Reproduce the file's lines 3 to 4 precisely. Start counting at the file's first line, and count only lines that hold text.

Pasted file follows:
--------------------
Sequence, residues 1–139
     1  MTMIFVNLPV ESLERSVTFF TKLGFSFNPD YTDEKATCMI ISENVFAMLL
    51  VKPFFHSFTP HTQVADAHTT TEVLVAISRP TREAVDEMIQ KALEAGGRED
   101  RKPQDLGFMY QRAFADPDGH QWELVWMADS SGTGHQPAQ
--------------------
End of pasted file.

    51  VKPFFHSFTP HTQVADAHTT TEVLVAISRP TREAVDEMIQ KALEAGGRED
   101  RKPQDLGFMY QRAFADPDGH QWELVWMADS SGTGHQPAQ